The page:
For at least a generation now, it’s been customary to show off our little darlings’ artwork at the epicenter of our homes – the refrigerator.
Yes, somewhere around 1980, pre-historic magnets apparently evolved and crawled up out of the tar pits, seeking a new domicile. Soon, they mysteriously learned to reproduce, often with cute colorful plastic disguises, like ladybugs, daisies, and letters of the alphabet. Before we knew it, they became hideous mutations, smearing themselves with advertisements for insurance agents, radio stations, ambulance-chasing lawyers – even churches.
Then, somewhere in the night, they began to attach themselves to everyone’s favorite large appliance. Their appetites insatiable, they would not be stopped until their demands had been met: that they be used to secure the artwork of tiny hands full of crayons, magic markers and primary-colored paints.
And now, in homes all across this great land, 20-cubic foot Frigidaires everywhere have been adorned with adolescent construction paper masterpieces.
And we’ve just let it happen. Why? Because it’s become the standard way of showing the wee ones… that we’re proud of them.
When I was a kid, our refrigerator had one color: white. And nothing attached to it – not even fingerprints, let alone finger-paints. So after I’d channeled my inner-Rembrandt in Mrs. Yando’s kindergarten class, I would then bring home my artwork, get the obligatory positive parental feedback, and… that was that. I now wonder – how many times did Mom run off, sobbing, “OH! What shall we do with this masterpiece? If ONLY there was a way to attach it to the refrigerator!!”
Now, looking back, there was one particular crayon-creation of mine that actually made quite a stir. Though my fellow kindergarteners had pretty much embraced the reality of 26 letters, we still hadn’t learned to use them in conjunction with each other. But I had a big brother, a dad and a chalkboard at home, so I – unbeknownst to Mrs. Yando – had already learned a bit of reading and writing from Bob 1 and Bob 2.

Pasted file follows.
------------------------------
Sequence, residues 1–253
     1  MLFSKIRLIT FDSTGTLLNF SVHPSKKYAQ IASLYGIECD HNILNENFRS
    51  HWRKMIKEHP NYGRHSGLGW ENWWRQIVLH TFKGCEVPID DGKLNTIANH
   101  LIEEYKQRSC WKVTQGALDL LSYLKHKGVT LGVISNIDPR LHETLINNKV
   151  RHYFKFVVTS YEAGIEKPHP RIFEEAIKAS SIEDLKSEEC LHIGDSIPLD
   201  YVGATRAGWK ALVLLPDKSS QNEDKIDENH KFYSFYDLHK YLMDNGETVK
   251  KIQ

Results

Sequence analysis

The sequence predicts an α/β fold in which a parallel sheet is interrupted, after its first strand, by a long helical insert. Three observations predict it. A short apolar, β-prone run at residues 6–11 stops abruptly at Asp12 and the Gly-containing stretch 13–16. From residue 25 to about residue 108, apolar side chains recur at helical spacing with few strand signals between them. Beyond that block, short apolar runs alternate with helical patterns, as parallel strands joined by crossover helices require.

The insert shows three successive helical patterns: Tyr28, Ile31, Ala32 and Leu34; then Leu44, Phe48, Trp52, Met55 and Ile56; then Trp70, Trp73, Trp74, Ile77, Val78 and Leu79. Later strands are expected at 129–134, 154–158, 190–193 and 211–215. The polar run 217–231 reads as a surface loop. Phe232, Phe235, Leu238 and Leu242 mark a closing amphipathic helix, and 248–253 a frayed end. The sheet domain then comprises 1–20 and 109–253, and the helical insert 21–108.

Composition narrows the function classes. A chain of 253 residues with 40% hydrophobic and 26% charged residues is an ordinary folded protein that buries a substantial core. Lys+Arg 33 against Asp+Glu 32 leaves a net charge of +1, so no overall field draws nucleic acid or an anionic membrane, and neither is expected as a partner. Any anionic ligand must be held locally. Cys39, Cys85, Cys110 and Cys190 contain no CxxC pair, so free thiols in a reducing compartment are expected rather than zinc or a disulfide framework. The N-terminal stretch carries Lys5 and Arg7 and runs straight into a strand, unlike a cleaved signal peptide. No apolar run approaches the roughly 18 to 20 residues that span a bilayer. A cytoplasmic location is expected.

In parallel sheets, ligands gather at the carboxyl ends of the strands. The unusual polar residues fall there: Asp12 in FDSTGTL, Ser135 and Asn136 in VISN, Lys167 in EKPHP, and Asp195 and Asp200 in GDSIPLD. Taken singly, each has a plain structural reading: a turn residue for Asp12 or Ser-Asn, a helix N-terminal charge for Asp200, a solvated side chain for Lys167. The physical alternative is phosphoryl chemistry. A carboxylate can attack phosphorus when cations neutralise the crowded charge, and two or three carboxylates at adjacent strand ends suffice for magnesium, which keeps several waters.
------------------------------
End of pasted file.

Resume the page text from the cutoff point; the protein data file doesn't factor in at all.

In this particular “piece,” I had drawn a picture of me, flying out of my playground swing, head first toward the chimney of our house, which of course had black smoke billowing out of it – as if my parents burned tires to keep us warm… The picture implied that I was going to quickly make a Santa Claus entrance – just in time for supper. But then – I did the unthinkable….
I wrote something along the bottom. I wrote, “Oops, I have to go home!” I wasn’t supposed to know how to do that. But – thanks to Bob 1 and Bob 2 – I wasn’t Rembrandt… I was Einstein.
They thought I was a genius. Seriously– my teacher, the principal, the 5th graders who quizzed me like I was some sort of mini-science experiment, all thought I was a prodigy. They even wanted me to skip straight to second grade – all from one piece of “art!” (I’m not making this up.)
I’ve since devoted the rest of my life to proving them wrong!!
Obviously, they did get it wrong. Fortunately, my parents and my brother’s first grade teacher all knew skipping a grade would be a mistake. Thank God, I didn’t end up in Bob 2’s class …for he’s the real genius.
Fact is, though, we all missed it. It wasn’t about reading and writing, or art (definitely not about art!) It was actually… a cartoon; my very first attempt at comedy writing… a pre-indicator of who I was to become.
I’ll bet you had similar experiences – not necessarily ones that got all the academics’ undies in a bunch – but flashes of brilliance may have been vibrant illustrations of who you are – who you would become. Boy, if only someone had noticed…. Maybe Someone did.
I’ve often wondered – what happened to that picture that stirred up all that commotion? Where is it now? Gone forever? Maybe – but upon asking that question, suddenly a thought popped into my not-so-genius mind.
I’ll bet it’s hanging on God’s refrigerator. He made me the goofball I am, and that crayon masterpiece was one of the first indications. And He’s proud of me.
He’s got a big refrigerator and lots of magnets. So, what’s He displaying there with your name at the bottom? Write to me – and share them!
Photo by Denis Byrne